Four years ago, the concept of Open Data was introduced to the Sri Lankan government. The gov.lk website hosted 89 datasets from different departments. At the time we described it as, “While the gov.lk data is largely outdated, it’s a fledgling project headed in the right direction.” Today, the data is still woefully outdated and the project hasn’t gone anywhere.
What’s actually happened over the past four years?
The gov.lk website no longer hosts any datasets. Instead, they’ve all been moved to another website, which is www.data.gov.lk. Go through twitter and you’ll find tweets mostly praising this as an initiative that the government should continue. But data.gov.lk was launched in 2015.
And since then hardly anything has changed. Many of the datasets on the website are still from 2012. In other words, the data is ancient now. Of course, there are a few exceptions. Yet for the most part, the only thing that’s changed is the design of the website.
But you’ll find that this redesign is also broken when you visit the forums. Click on any of the posts and you’ll find dummy text inside. All of this is disappointing but sadly not surprising.
Our governments have a poor digital track record
From the Google Loon fiasco to the National Payment Platform debacle. From the e-local government travesty to the controversial Facebook ban. Sri Lankan governments have never been known to have a successful digital track record. As such, the stagnation of the Open Data initiative isn’t surprising.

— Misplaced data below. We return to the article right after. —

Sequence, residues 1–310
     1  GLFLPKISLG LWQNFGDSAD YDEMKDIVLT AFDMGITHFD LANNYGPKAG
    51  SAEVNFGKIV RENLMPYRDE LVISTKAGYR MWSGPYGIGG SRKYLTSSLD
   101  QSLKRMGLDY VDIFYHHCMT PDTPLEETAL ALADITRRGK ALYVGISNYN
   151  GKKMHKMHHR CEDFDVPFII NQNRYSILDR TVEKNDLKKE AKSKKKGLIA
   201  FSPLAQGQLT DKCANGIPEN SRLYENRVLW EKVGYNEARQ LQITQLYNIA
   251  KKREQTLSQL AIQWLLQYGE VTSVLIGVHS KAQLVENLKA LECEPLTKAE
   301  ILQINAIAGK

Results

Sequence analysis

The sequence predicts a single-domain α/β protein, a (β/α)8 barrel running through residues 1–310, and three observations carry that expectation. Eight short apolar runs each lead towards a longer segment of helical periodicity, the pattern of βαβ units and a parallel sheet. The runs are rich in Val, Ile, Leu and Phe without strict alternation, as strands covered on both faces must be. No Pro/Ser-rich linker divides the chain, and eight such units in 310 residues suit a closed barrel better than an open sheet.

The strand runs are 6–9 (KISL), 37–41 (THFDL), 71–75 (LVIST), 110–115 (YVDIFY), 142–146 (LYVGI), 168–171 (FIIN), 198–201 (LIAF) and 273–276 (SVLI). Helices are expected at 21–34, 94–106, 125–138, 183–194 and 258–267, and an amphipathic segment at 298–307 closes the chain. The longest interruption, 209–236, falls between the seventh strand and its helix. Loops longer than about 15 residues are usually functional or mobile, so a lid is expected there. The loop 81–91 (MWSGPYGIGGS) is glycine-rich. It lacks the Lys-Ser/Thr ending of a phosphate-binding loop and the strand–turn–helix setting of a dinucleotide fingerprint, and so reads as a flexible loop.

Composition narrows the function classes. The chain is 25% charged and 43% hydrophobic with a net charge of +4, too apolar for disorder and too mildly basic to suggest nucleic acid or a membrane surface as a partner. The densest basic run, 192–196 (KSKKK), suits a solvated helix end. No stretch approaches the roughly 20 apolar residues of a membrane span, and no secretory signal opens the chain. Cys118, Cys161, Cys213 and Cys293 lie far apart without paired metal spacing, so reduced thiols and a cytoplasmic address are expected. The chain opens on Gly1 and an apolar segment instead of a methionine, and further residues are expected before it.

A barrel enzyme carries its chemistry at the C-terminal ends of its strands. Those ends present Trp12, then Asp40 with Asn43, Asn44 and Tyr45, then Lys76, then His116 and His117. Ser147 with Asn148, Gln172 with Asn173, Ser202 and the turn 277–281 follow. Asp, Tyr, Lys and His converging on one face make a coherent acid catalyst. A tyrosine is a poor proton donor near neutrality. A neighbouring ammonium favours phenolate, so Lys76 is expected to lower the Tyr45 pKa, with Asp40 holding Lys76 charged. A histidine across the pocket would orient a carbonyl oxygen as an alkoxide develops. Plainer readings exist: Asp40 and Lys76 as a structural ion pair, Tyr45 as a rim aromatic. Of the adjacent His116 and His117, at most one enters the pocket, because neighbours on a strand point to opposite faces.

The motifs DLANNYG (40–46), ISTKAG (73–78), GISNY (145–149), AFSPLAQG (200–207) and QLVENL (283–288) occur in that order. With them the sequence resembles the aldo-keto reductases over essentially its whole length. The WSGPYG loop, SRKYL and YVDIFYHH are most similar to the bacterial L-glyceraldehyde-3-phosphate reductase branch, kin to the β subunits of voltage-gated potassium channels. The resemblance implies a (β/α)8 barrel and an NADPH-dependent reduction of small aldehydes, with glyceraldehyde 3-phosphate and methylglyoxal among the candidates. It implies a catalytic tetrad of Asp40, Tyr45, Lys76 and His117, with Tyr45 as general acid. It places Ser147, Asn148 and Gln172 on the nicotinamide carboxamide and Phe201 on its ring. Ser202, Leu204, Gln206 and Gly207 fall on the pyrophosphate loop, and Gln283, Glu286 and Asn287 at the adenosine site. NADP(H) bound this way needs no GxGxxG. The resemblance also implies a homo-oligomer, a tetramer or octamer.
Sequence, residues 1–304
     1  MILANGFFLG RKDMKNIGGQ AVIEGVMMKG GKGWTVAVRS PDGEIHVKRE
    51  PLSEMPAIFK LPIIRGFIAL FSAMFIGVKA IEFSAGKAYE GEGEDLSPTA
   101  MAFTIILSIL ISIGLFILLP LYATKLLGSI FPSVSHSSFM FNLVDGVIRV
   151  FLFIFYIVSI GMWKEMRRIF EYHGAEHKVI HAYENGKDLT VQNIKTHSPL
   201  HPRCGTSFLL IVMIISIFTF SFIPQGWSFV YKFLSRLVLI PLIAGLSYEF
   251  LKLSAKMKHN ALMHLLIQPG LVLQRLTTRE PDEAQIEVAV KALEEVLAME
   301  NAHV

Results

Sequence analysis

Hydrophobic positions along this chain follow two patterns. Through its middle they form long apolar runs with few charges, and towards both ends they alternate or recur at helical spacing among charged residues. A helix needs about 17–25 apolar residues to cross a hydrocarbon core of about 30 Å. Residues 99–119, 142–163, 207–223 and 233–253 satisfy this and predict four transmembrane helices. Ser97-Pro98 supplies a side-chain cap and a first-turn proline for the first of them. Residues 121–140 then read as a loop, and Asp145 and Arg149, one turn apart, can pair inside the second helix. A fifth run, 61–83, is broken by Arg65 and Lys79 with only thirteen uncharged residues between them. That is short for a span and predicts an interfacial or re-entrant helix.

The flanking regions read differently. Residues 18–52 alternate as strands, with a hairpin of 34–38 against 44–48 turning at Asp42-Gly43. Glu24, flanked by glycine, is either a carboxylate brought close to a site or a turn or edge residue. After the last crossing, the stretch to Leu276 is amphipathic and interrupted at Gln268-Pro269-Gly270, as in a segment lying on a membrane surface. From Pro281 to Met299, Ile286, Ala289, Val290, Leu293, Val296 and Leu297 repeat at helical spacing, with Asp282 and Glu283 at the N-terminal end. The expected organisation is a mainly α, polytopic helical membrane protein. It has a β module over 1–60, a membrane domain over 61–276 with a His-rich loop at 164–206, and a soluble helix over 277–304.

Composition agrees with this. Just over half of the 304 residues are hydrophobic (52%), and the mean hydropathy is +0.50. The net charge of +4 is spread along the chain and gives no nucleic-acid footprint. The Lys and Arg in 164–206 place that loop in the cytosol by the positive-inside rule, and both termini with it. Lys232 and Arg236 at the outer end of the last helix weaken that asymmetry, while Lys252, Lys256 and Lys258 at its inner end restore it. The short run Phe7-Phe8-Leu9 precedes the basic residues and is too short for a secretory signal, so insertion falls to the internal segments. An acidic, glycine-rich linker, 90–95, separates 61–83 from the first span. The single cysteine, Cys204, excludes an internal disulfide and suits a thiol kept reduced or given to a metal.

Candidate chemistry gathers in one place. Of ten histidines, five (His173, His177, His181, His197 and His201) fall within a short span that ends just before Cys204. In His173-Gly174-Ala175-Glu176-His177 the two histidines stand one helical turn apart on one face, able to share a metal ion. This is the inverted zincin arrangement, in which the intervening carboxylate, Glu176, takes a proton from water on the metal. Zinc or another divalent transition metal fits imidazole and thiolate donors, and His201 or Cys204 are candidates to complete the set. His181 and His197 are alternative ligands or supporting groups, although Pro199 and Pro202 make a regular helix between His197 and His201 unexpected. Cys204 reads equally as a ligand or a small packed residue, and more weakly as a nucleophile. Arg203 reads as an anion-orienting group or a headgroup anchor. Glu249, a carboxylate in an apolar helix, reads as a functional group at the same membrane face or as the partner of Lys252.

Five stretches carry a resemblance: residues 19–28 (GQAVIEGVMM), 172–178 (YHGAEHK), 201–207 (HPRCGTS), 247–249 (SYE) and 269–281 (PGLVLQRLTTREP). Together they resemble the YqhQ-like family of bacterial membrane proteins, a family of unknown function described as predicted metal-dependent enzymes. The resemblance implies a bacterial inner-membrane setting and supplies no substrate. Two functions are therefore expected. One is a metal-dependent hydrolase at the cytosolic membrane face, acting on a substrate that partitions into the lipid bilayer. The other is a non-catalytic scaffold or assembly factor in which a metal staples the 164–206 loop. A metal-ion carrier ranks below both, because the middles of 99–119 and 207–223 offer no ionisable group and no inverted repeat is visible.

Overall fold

Meanwhile, other countries have continued to march forward with their Open Data initiatives. Back in 2016, we reported that India had made over 12,811 resources openly available. Today its Open Data portal boasts over 165,355 resources. And it’s also gone an extra step further with over 4000 API’s allowing developers to build products with this data.
When developers have access to open data from the government, more services become possible. But to quote Adnan Issadeen – Systems Engineer at Buffer, “Outdated data isn’t Open Data.” The failure of the Open Data initiatives adds another item to the list of digital disappointments from the Sri Lankan government.
But who is to blame for this failure?
It’s easy to blame the ICTA for the stagnation of the Open Data Initiative. After all, they’re the organization that’s in charge of building and maintaining the platform. Additionally, it was also the ICTA that hosted an event to commemorate the launch of this redesigned website. Yet, this is a project that involves the whole government.
The Open Data initiative is one that requires the participation of every Sri Lankan government department to succeed. To be precise, these departments need to digitize the many records they have and then share it. And they needed to do this out of their own free will. But this didn’t happen and the ICTA doesn’t have the mandate to force them to do so either.
Thus, one can only wonder, “will anyone ever do something about this?” With everyone in Parliament passing no-confidence motions against each other, we can confidently say that the answer is, “No” for the foreseeable future.